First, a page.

Janet Yellen Pledges 5,000 New I.R.S. Hires to Bolster Taxpayer Responsiveness
WASHINGTON — Treasury Secretary Janet L. Yellen pledged on Thursday to bolster the Internal Revenue Service’s beleaguered customer service by hiring 5,000 new workers to answer telephone calls and more quickly respond to the questions of taxpayers.
Ms. Yellen spoke on Thursday during her first visit as Treasury secretary to an I.R.S. facility, as the tax collection agency prepares an $80 billion overhaul with funds that were approved through the so-called Inflation Reduction Act that Congress passed last month. Long depleted of resources, the I.R.S. has for years frustrated taxpayers by not answering calls or leaving them languishing on hold. Ms. Yellen noted that fewer than two out of every 10 calls to the I.R.S. were answered in the most recent tax season and that the average wait was nearly half an hour.
“Due to chronic understaffing and high call volume, the I.R.S. has been unable to provide the level of phone service that taxpayers deserve,” Ms. Yellen said during remarks to staff at the I.R.S. facility in New Carrollton, Md. She also committed to ensuring that the agency answers five times the number of calls in the coming tax filing season.
“By hiring 5,000 additional customer service representatives, we will also cut phone wait times in half — from an average wait of nearly 30 minutes during the 2022 filing season to less than 15 minutes,” Ms. Yellen said.
Ms. Yellen said the I.R.S. would also hire more employees to staff its “tax assistance centers,” so that taxpayers can more easily resolve issues with their returns in person. In the most recent tax-filing season, about 900,000 taxpayers were served face to face, and Ms. Yellen said she expected that total to rise to 2.7 million next year.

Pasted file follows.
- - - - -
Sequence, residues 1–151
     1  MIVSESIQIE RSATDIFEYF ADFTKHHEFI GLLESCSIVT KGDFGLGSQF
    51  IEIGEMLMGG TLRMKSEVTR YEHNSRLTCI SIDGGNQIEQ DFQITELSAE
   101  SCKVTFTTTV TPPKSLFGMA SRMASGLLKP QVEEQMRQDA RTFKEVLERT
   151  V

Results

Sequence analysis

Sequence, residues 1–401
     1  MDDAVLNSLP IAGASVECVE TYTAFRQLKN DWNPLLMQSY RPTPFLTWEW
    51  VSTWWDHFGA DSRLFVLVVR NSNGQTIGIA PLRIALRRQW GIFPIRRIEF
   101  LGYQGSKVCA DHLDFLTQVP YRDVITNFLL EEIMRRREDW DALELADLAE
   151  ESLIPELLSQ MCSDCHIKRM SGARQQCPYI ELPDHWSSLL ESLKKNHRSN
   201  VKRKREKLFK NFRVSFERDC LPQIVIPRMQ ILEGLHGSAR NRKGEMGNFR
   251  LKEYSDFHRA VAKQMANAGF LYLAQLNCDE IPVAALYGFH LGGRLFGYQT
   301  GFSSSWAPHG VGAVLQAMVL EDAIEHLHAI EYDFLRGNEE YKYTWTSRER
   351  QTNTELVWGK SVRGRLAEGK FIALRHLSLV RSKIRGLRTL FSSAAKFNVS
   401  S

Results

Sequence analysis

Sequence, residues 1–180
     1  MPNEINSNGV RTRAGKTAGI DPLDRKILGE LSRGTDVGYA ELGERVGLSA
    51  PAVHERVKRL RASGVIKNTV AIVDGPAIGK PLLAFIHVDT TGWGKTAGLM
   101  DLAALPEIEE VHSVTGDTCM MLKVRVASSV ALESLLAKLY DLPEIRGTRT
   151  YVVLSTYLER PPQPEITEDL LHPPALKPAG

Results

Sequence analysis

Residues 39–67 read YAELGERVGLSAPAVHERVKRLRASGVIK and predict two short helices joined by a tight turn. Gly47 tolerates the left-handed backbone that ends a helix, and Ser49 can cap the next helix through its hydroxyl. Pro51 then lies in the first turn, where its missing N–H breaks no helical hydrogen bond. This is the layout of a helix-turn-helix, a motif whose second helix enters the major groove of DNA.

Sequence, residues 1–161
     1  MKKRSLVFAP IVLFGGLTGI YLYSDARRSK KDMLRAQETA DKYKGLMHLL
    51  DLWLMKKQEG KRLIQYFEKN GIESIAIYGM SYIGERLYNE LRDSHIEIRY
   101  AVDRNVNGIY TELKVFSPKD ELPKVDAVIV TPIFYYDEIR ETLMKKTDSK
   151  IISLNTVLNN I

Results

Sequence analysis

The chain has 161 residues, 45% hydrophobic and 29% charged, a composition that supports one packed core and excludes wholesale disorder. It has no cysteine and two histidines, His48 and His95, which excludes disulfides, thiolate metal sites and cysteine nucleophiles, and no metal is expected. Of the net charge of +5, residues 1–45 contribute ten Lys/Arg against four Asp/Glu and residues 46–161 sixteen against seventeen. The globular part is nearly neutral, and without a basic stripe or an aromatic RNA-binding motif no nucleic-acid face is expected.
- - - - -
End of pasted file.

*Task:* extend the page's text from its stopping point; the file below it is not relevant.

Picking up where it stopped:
The funding for the I.R.S. has been a top priority for the Biden administration’s goal of narrowing the federal government’s $7 trillion “tax gap” — the amount of revenue that goes uncollected. The agency plans to hire about 87,000 new employees and, after expected retirements, bring its head count to around 120,000. The hires have proved controversial, with Republicans suggesting that they will be an army of enforcement agents targeting the middle class.
Ms. Yellen, who has pledged that audit rates for taxpayers making less than $400,000 will not go up, focused her speech on Thursday on customer service and modernizing the I.R.S. She said the upgrades will mean better communication and faster refunds.
“These are bold commitments that the I.R.S. will deliver in just the next six months,” Ms. Yellen said. “And there’s more to come in the months and years beyond.”